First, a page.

CA digital textbooks initiative falls flat

CA digital textbooks initiative falls flat

Summary: Here is California's review of digital high school textbooks. As AP reports, Gov.


Here is California's review of digital high school textbooks. As AP reports, Gov. Arnold Schwarzenegger has been promoting the idea that schools would use these free texts as a way to save money and bring education into the 21st century.

First, it's interesting to note that it's nonprofits, not the textbook giants, who are producing the best books. The state looked at 16 titles and found that 10 of them met 90% of the state standards. Only four met 100% -- and three of them were produced by the nonprofit CK-12 Foundation. CK-12's other books all scored at least 94%.

By contrast, Pearson Education's Biology text scored a lousy 42 percent. On the other hand, Wiki-oriented groups like Curriki didn't even come close to meeting the California standards; obviously they weren't writing to the standards.

On San Francisco KQED-FM's Forum, Cal. Sec of Education Glen Thomas side-stepped the fact that schools don't have any budget for the laptops or PDAs that would allow student to interact with digital textbooks. His answer: Teachers can print out the books, or chapters, if the students don't have laptops. This initiative, he said, doesn't address the hardware issue.

Hardware's not the only problem with implementing digital texts, school districts say. Here's a report from southern California:

There's a number of steps that need to take place before we can implement digital textbooks," said Tim Ward, Chaffey Joint Union High School District's assistant superintendent of instruction. "We haven't been able to broach those things yet because we're still struggling with our budget."

It's an interesting idea, and it would be something the districts will take on in the future," said Tim McGillivray, spokesman for Pomona Unified School District. "It's not a good time to for some school districts to take this on at this time, especially because of budget cuts. "I would say digital textbooks are a luxury at this point and that very few California school will be using it."

Hmm, no funding for hardware, no funding for teacher training, no requirement to implement. Sounds like pissing in the wind.

Topics: Enterprise Software, Hardware

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  • And does this make any sense?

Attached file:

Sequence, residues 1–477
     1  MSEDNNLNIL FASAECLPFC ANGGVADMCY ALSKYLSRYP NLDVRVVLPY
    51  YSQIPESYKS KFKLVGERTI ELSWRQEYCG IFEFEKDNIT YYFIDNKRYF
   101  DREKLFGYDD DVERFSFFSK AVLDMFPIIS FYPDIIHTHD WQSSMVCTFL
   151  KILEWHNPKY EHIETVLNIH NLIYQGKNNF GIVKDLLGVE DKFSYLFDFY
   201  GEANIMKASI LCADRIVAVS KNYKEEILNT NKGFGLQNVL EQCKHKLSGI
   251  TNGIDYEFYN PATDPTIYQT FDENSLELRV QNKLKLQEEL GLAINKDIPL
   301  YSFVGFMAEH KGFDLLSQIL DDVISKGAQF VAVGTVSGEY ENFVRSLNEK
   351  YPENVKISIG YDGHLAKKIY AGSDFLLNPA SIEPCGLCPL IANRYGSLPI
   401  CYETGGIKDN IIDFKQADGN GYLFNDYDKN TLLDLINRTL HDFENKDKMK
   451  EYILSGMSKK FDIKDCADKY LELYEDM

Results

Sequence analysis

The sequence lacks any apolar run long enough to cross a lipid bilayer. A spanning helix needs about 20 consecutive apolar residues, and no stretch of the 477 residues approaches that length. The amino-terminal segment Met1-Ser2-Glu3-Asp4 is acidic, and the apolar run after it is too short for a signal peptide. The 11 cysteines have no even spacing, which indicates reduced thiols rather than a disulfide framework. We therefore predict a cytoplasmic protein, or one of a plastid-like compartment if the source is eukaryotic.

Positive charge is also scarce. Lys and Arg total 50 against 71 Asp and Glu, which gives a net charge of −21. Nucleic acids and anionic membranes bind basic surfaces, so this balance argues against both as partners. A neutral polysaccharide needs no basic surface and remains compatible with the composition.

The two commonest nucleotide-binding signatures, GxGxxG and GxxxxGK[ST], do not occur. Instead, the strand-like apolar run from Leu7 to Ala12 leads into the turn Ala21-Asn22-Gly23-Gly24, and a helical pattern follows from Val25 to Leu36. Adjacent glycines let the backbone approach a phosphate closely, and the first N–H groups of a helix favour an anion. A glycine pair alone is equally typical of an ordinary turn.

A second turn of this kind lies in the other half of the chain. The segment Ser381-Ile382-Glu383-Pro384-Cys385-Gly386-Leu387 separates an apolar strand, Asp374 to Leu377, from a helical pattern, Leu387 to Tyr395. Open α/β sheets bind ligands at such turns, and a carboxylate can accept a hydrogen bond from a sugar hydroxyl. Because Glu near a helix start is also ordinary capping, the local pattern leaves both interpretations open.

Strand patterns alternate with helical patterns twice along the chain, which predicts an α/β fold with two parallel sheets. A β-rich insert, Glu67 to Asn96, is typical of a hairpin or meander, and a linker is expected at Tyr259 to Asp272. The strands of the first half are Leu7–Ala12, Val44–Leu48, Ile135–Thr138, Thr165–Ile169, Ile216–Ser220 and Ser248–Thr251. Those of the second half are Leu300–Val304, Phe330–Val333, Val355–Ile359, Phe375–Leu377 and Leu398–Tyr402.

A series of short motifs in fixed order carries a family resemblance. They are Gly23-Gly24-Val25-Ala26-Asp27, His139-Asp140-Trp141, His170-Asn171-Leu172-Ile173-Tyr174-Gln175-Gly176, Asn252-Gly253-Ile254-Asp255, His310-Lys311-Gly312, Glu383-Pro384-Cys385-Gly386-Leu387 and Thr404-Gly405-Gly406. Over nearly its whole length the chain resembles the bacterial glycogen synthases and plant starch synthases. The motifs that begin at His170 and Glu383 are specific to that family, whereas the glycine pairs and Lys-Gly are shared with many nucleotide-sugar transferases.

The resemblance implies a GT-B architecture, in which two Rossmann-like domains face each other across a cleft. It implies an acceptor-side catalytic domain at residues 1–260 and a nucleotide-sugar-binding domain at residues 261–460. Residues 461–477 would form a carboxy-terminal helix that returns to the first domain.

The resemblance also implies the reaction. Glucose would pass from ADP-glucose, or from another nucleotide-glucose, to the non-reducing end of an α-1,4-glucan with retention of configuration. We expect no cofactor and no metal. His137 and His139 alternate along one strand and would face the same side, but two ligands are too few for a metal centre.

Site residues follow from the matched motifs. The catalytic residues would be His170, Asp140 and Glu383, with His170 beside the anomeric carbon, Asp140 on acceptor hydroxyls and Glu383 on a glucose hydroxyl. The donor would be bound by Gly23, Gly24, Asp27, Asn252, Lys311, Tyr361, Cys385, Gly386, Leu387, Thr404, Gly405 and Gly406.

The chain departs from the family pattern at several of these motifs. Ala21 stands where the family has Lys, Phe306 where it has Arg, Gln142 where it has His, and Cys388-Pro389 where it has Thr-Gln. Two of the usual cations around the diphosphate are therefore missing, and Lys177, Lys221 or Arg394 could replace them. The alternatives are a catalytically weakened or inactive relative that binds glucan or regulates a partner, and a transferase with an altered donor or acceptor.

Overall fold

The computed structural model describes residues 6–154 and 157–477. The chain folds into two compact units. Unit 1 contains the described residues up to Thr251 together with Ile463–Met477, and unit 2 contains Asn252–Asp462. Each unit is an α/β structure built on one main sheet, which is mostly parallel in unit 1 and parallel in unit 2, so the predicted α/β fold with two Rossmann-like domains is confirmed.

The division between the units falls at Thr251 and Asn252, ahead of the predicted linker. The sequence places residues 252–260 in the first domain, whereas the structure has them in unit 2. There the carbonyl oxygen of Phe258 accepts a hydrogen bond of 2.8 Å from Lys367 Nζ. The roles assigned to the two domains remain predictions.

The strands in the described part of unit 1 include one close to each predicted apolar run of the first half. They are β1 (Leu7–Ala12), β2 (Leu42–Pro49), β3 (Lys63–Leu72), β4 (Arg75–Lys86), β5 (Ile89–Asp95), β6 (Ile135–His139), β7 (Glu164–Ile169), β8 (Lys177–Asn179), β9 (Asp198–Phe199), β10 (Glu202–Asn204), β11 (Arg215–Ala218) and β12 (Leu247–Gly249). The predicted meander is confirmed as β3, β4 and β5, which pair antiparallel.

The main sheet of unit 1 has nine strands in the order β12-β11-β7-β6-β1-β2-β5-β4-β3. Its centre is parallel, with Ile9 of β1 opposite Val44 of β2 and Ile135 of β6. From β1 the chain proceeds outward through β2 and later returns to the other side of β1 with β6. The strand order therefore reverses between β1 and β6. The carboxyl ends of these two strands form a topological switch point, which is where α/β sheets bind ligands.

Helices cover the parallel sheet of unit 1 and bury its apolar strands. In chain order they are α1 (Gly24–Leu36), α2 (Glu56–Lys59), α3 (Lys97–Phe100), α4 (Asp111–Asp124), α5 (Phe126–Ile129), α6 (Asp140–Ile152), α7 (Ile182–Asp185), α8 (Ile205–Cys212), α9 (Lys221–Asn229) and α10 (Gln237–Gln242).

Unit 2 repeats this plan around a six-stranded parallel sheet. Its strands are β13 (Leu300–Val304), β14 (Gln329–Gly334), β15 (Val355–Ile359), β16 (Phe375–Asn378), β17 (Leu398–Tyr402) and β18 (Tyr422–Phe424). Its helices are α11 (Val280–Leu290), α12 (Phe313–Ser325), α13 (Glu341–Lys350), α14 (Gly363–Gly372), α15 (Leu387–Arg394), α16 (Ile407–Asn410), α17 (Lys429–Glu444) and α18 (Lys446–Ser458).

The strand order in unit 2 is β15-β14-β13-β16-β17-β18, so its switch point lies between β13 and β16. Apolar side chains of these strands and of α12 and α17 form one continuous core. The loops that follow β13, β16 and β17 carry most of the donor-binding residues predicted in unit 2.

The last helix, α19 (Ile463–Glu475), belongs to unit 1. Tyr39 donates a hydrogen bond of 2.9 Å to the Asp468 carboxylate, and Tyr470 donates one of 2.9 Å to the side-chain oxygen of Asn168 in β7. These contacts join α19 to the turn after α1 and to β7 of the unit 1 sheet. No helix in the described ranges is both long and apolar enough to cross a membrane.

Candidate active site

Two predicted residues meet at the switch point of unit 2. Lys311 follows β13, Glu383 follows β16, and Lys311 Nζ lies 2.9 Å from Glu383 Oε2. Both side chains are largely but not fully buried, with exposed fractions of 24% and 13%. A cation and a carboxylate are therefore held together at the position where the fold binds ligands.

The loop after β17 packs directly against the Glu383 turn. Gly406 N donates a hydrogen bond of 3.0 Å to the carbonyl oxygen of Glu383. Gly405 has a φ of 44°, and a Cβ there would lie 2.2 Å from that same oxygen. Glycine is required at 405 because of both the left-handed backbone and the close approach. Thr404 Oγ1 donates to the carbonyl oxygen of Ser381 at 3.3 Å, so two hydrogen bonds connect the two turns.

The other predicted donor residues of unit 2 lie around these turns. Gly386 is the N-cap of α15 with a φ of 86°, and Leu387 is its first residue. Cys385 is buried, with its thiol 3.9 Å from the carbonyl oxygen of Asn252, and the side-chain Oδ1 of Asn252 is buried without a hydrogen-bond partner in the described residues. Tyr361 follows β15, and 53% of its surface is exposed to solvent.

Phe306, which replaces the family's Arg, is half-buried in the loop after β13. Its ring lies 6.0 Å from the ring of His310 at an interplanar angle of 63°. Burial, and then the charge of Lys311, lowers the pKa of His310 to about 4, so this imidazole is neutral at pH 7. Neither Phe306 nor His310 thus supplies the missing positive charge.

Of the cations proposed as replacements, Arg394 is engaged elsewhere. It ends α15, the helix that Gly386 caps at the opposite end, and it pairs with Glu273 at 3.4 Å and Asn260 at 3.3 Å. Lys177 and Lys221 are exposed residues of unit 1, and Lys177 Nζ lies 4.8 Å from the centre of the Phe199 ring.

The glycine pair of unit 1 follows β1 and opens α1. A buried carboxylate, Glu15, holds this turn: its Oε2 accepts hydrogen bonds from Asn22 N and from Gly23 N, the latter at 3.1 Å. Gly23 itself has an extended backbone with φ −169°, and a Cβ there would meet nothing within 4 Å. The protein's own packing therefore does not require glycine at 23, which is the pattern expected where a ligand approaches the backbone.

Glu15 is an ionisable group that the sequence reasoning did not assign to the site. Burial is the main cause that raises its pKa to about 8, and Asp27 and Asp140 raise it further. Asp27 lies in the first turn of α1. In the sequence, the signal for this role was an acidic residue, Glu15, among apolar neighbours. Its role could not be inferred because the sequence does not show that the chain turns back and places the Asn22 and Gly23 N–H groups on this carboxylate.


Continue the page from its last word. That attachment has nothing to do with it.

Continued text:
I heard a report on Bloomberg radio that teachers in CA were PRINTING the entire digital books out to give to students!

    So let's see. The teachers are using extra paper, printer ink/toner, staples or paper clips, not to mention the time needed to wait for the print job to run. Sure sems like a backa$$wards way of doing things. But is it CA afterall.
  • RE: CA digital textbooks initiative falls flat

    Thank you for the mention of Curriki in your blog. We are pleased to have the opportunity to participate in the groundbreaking California digital textbook initiative with our submission of Chemistry and Earth Science textbooks. These comprehensive collections were assembled from member and partner submissions and were correlated based on the metatags assigned by the contributors. We understand that this method did not accurately conform to the CA standards but that does not imply that the content is not relevant and valuable. Actually most of the content does cover the specific subject matter; and the Chemistry course covers many topics not required by CA. We hope that future digital textbook initiatives allow flexibility in file/document formats that include multimedia, videos and links to external resources. These types of assets were included in our digital textbooks but were not reviewed for California?s alignment to standards.

    We are excited to note that these resources, in part or as a whole, have been viewed and/or downloaded more than 1500 times since the initial announcement of the CLRN free digital textbook release on August 10th. This growing usage of the specific textbook resources supports our belief that the resources have provided significant added value to the specific subject matter for teachers.

    Curriki and the open educational resources (OER) movement support the development and free distribution of open educational materials that can be customized to meet the needs of the individual learner. This type of content development and instructional design promotes a collaborative effort that engages teachers in the learning process and incorporates their expertise, thus meeting the needs of multiple types of learners. Curriki seeks to expand core-learning resources to all media and to have the users grow and perfect the materials as part of the instructional design process. For this reason, we have reached out to teachers in California to participate in the review and the further development of the Earth Science and Chemistry courses, as well as other core subject areas. We view education as a dynamic process that requires continual scrutiny and improvement from all stakeholders; including teachers, parents and students to assure that we are providing the best possible learning experience for all.

    If you wish to learn more about the importance of teacher involvement in the curriculum development process and its impact on teaching and learning in the classroom, I highly recommend a recent study by CTL. You can read the full study at: <*